Last year, I participated in my rabbi's brainchild concocted to get more people to come to the Yom Kippur afternoon service. Basically, five other people and I wrote five minute speeches detailing exactly why we were Jews. It seems to be gaining in popularity, so the rabbi is getting what he wanted. However, my participation seems to have yielded an interesting opportunity.
I believe it was two weeks ago that I got a message from my mother saying that one of our local papers was doing a piece about the people who spoke at the service last year. So I called the reporter and did my thing-- and by my thing, I mean that I babbled for about fifteen minutes to a total stranger about things that I normally keep to myself. Cringe.
So, anyway, the article came out today, complete with a picture of yours truly sitting with a handful of shwarma in the Parisian Jewish quarter. Two of my fellow speakers also responded, so it wasn't a "Kate Show," which keeps my community from thinking that I'm totally egotistical.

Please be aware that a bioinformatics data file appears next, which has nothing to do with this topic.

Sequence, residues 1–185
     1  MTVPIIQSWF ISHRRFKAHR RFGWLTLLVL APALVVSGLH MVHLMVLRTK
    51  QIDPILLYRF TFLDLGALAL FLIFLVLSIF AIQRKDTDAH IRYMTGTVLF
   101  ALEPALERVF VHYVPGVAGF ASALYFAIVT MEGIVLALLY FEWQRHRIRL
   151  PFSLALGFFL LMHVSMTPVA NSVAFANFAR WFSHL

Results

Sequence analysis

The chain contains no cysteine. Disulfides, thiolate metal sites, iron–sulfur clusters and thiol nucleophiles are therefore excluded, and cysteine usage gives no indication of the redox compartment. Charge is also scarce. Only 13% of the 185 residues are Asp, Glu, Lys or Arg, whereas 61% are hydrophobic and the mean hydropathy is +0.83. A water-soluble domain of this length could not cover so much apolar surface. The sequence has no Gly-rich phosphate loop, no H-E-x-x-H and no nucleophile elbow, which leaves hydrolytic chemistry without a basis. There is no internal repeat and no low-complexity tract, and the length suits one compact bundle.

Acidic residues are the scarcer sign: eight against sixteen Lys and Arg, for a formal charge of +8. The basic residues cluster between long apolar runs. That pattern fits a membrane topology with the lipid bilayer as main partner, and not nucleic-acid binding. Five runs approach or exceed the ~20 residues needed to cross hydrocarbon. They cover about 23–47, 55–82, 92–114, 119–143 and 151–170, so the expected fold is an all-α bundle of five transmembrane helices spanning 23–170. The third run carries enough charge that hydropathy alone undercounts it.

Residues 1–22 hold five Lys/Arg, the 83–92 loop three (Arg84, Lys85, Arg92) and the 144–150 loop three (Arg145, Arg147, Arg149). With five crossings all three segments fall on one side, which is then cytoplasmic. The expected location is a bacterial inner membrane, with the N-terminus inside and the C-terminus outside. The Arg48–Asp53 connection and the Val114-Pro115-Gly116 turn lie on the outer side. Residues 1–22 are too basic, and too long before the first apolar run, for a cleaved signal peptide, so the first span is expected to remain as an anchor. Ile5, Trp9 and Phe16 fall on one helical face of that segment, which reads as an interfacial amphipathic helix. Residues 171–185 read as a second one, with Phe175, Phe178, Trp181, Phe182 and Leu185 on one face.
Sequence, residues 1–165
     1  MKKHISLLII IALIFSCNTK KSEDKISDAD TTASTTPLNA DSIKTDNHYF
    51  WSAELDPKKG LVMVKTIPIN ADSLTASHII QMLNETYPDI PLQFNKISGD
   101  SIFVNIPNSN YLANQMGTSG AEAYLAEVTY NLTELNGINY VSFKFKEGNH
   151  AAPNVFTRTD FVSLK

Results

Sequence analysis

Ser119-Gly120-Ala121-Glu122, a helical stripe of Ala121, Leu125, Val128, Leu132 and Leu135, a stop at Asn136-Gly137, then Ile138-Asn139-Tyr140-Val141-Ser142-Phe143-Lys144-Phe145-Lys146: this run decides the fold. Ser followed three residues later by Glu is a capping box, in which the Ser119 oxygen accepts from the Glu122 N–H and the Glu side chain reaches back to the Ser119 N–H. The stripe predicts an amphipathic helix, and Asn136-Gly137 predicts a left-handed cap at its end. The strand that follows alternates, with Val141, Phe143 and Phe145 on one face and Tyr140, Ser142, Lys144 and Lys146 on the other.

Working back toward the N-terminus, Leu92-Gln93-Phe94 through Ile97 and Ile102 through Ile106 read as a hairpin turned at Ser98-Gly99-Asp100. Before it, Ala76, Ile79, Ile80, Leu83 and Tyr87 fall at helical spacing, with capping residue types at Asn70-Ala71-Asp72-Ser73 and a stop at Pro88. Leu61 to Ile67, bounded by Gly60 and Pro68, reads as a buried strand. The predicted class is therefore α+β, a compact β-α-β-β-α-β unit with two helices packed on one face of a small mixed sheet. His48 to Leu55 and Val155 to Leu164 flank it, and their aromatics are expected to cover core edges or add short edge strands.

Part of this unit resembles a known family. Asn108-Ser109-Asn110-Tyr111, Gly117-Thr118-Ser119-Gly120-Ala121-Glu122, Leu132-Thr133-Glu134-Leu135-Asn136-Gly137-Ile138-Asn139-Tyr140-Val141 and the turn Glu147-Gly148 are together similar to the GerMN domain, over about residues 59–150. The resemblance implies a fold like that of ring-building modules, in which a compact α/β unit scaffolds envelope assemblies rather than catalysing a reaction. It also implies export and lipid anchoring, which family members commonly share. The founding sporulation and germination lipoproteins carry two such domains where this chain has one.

Here's a bit of the article. You can find my section of the article and picture by clicking on the link.
Time for reflection: Why they are Jews
Jewish holidays are a time to think about faith.
MELISSA NANN BURKE
Daily Record/Sunday News
A month of reflection, Elul, precedes the Jewish High Holy Days. Again this year, Rabbi Irwin N. Goldenberg has asked a diverse group at Temple Beth Israel to reflect on what it means to be Jewish.
The group will speak during a 3 p.m. Yom Kippur service Saturday in York Township.
Among the lay people who spoke last fall were an immigrant, a college student and a secular Jew...
You can find the rest of it on the York Daily Record website or by the link.